25 April 2018

South Africa: De Lille Asks for Lower Water Tariff Hike After Thousands of Complaints

Cape Town Mayor Patricia de Lille has asked for a reduction in the proposed 27% water tariff hike, after the City received roughly 24 900 complaints from residents during public submissions on the new budget.

De Lille - in what could be one of her last budget speeches before the council as mayor - told the City of Cape Town council that 80%, approximately 20 000, of all complaints received were directly related to the water, electricity and rates hike.

She felt the proposed water tariff hike could be reduced if the City made use of its "underspend" in other departments.

"Our current capital spend was 47.3%, compared to 53.1% last year," she told the council.

"If you add the underspend from the City's new water programme, then the actual capital underspend is 39.3%."

Waiting for feedback

De Lille said she had met with the office of the city manager and all executive directors last week about the underspend, and was waiting to hear back about a possible new percentage increase.

"I have requested that they reduce the 26.9% water tariff increase and that they must use the unspent money of this financial year to cover the losses of the next financial year," she told councillors.

The contentious final budget for the 2018/19 financial year, beginning from July 1, will be adopted in the week of May 28.

De Lille also had some of her powers stripped with regard to completing the new budgetary process, after the council delegated her powers to her mayoral committee as a whole on January 19.

De Lille encouraged Cape Town residents to make use of the public submissions phase.

"There is currently just over a week left for residents to submit their comments and objections before the May 4 deadline," De Lille said of the new proposed budget.

The council also adopted its proposed adjustments budget on Wednesday.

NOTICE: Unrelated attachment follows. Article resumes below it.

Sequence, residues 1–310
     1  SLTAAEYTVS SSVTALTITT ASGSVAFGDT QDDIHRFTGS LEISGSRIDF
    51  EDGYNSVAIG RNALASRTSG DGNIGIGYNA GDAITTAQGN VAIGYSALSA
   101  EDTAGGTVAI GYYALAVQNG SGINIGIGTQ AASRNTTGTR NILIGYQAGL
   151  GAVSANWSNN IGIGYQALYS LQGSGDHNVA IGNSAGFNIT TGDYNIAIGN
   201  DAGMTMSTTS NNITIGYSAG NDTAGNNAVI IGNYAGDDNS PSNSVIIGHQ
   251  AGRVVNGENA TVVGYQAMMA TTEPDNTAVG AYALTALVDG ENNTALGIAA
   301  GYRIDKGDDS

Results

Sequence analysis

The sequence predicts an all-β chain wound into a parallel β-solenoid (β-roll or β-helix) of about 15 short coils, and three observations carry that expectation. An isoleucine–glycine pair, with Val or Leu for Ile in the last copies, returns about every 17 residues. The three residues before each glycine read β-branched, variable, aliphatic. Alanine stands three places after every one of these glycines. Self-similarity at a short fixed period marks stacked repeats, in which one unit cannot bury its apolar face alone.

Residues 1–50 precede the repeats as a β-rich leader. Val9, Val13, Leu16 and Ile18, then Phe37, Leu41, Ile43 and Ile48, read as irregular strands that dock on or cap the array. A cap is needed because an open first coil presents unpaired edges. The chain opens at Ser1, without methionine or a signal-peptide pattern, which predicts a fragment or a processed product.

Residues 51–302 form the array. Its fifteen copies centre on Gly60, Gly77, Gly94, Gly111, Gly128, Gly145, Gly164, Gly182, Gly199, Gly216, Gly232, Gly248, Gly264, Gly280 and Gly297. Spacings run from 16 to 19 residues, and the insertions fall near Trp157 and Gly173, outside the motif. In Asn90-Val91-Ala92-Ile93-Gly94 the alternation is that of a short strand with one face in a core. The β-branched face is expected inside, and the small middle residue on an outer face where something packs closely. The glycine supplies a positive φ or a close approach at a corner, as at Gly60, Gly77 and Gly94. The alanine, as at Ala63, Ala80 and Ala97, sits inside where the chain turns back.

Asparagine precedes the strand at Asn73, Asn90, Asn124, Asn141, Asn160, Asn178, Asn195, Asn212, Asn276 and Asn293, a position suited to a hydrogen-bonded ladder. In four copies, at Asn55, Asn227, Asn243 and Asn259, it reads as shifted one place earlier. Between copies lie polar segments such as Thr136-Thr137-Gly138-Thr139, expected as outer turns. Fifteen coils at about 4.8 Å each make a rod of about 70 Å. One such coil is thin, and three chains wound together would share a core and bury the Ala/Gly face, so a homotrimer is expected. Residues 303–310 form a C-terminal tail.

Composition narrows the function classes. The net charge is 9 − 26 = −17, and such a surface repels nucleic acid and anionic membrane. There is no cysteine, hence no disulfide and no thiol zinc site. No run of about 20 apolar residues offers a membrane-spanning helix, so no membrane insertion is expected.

'Rather address these criminals here'

The City of Cape Town has battled a severe water crisis over the last six months, managing to extend "Day Zero" - the point at which municipal taps would be switched off - back to 2019, thanks to water saving efforts.

The proposed tariff hike would form part of the City's future strategy to continue to save water. Councillors from both sides have, however, argued that the large hike punishes residents, especially the poor.

In a separate matter, De Lille will be the subject of an internal party motion of no confidence in her leadership later on Wednesday.

DA councillors will meet for a special caucus after the council adjourns, where they will likely debate the embattled mayor's future for up to three hours.

Deputy caucus leader JP Smith told News24 that an outcome would probably be reached late on Wednesday evening, and - depending on a caucus decision - the outcome could be communicated thereafter.

Councillors on the ANC benches and a handful of DA councillors applauded De Lille as she took to the podium on Wednesday.

ANC caucus leader Xolani Sotashe then led his councillors out of the venue, as has become the party's practice when being addressed by De Lille.

"The mayor should rather address these criminals here," he remarked indicating the DA caucus.

In the event of a successful motion, De Lille will not be automatically removed as mayor.

The process will be referred to the federal executive, which will then ask De Lille to make representations to defend herself.

Source: News24

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